Last night’s Arrow premiere opened to strong ratings – 4.02 million viewers and a 1.3 demo rating, making it the CW's highest-rated drama since 2010. It was also the CW’s most-watched series premiere since megahit The Vampire Diaries debuted back in 2009. But does that mean that it’s a good show?
I can wholeheartedly say yes, yes it does. Those who haven’t seen it may write it off as just another CW show packed with six packs and beautiful eye candy, or another Smallville, or a Smallville spin-off, or a meathead violent action show. And all of those people would be wrong. Of course, to be fair, there is lots of ab-tastic and beautiful eye candy and a fare share of violent action. But these are only the cherries and whipped cream on top of the decadent, rich, hot fudge sundae that is Arrow.
First, a quick recap of the show’s premise. (Don’t worry, this post will be SPOILER FREE, to give those who are on the fence about the show a chance to get into it without ruining anything!) Hard-partying billionaire playboy Oliver Queen (Stephen Amell) was the only survivor of a shipwreck that killed his father among others, and he spent five years marooned on a mysterious and brutal island before being rescued. Queen comes home to Starling City a changed man, though he still presents a partyboy façade to hide his new alter ego hell bent on cleaning up corruption and evil via a list of names his father gave him before he died. In order to exact his revenge, Queen takes on the secret identity of Arrow, a hooded archer who isn’t afraid to take a bullet or two or snap a guy’s neck just because he saw Queen’s face. He keeps all those who were once close to him out of the loop about his new, darker persona. His sister, Thea (Willa Holland), nicknamed Speedy (watch the premiere to find out why the name is so appropriate), his borderline-douchey party-loving best friend, Tommy (Colin Donnell), who fell into bed a few times with Queen’s legal aide ex Laurel Lance (CW Queen Katie Cassidy), and Laurel, whose sister died in the shipwreck and father (Paul Blackthorne) is Det. Quentin Lance, suspicious of this new hooded lawbreaker. Queen’s mother Moira (Susanna Thompson) married her dead husband’s friend, and is hiding something regarding her newly recovered son.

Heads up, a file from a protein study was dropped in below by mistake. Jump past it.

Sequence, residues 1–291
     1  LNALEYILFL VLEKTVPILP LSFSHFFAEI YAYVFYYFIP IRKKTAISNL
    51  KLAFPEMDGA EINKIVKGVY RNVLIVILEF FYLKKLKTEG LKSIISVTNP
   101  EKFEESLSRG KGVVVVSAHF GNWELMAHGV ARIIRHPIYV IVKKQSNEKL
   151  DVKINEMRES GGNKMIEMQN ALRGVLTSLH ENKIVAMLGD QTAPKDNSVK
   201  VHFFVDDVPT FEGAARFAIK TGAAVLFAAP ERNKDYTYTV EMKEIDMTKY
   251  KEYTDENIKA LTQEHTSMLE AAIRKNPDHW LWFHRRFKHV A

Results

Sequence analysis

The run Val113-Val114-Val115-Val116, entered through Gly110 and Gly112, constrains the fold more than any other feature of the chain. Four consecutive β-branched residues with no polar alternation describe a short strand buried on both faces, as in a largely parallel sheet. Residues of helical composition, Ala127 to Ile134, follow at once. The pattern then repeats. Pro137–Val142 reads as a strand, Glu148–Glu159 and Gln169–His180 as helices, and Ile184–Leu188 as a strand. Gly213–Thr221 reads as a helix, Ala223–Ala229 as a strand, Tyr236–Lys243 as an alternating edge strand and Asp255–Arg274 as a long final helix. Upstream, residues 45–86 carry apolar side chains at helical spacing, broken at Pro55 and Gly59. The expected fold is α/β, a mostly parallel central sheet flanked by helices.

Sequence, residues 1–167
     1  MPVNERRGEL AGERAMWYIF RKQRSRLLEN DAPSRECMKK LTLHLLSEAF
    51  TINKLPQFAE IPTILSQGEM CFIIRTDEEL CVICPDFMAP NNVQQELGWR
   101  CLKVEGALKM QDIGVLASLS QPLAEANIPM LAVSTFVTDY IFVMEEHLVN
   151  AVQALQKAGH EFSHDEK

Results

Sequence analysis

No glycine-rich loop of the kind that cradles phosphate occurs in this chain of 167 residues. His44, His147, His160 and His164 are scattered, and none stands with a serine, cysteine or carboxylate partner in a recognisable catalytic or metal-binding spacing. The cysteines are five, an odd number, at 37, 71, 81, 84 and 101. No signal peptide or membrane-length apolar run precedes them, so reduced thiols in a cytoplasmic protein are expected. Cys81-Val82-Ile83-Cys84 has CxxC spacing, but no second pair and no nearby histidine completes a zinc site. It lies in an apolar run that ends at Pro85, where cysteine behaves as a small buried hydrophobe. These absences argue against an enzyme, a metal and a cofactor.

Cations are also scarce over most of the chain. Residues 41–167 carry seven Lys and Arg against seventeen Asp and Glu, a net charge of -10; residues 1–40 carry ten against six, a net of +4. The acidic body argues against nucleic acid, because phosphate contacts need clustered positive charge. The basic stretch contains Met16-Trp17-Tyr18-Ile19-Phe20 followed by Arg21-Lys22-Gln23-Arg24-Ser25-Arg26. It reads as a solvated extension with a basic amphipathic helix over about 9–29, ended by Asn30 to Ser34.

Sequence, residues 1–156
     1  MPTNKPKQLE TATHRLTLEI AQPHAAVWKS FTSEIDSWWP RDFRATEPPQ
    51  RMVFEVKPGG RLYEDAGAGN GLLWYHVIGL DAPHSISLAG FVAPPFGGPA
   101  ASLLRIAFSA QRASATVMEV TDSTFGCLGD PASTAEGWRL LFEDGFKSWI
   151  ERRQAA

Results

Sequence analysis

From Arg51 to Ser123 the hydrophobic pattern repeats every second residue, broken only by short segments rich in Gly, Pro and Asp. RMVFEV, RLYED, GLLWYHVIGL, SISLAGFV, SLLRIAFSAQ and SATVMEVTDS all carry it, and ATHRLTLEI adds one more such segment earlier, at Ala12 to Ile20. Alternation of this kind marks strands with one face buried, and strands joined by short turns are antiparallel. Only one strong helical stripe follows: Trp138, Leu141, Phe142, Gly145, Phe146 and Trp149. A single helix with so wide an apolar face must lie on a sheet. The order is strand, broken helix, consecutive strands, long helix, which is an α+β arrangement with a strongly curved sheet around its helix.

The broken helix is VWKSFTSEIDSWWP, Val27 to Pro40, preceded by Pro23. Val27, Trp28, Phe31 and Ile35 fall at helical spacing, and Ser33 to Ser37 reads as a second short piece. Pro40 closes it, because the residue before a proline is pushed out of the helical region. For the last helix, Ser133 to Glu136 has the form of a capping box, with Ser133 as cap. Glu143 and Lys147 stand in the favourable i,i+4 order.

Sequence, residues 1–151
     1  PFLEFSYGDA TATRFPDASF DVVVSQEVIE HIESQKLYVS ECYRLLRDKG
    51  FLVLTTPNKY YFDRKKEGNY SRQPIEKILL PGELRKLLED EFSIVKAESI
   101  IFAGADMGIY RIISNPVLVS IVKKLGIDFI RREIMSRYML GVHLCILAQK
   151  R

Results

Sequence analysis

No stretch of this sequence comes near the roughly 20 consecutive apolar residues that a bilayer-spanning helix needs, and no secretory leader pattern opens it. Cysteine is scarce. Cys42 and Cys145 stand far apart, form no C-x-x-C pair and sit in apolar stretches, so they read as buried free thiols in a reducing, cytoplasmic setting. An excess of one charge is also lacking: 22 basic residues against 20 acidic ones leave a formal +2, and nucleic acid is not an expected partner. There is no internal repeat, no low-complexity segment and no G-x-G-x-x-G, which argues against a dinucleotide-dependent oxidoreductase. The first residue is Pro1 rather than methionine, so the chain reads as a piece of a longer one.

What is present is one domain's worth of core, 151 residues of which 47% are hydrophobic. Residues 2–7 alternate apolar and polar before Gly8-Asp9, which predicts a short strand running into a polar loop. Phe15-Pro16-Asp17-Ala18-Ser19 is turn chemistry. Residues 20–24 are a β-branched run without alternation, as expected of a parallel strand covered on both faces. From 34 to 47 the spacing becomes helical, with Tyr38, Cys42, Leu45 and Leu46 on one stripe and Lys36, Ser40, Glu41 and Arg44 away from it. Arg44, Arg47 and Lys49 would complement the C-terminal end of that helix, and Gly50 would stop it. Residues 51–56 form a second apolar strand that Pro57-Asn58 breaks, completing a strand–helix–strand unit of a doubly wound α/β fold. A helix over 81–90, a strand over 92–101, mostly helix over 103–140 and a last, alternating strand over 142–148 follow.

Whew. Now that we got that out of the way, let’s discuss why Arrow deserves some of your highly coveted DVR storage space.
First of all, this is not another CW formula product. Arrow doesn't simply take a wide-eyed innocent girl with a high moral compass and surround her with equally beautiful people who all hide secrets and behave in dubious manners but want to all sleep with her. Arrow is nowhere near as cut and dry. The wide-eyed innocent girl? Laurel Lance went to law school and is determined to take down the same evil scum Arrow is targeting. She isn’t going to fall back in love with Queen now that he’s back. After all, he cheated on her with her sister, and led her sister to her death. She’s a strong, hardworking woman with the same goals as Arrow (of course, without all the violence and archery). For once, love triangles are not the focal point of the show, just an accessory to the mystery surrounding Arrow and his vigilante motives.
But Arrow isn't just a lazy response to superhero fandom either. We have spent months becoming oversaturated with superheroes at the box office — and, on the small screen, the CW bid adieu to Smallville after 10 years. But Arrow isn't taking advantage of the popularity of the genre or the void left by an angst Clark Kent. Amell’s superhero isn’t a traditional superhero. He is fighting bad guys, sure, but he has no moral quandaries about killing, separating him from Smallville's very moral, very supernatural Superman.
And he's plenty separate from Justin Hartley’s Green Arrow as well. The mythology, character — everything has been wiped clean. Whereas Hartley's Arrow was fun and light, Amell’s Arrow is gritty, dark, and violent, shaped by the island that broke him down and built him anew. Amell’s Arrow is his true self. It's his only identity now. Oliver Queen is the mask that hides the soldier within. It's an intriguing concept built within an intriguing show that's unlike any other show on TV right now — a difficult feat to accomplish. What can we say? Arrow truly hits the bullseye.
Watch the pilot here — Arrow airs Wednesdays on the CW.
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[Photo Credit: Jack Rowand/The CW]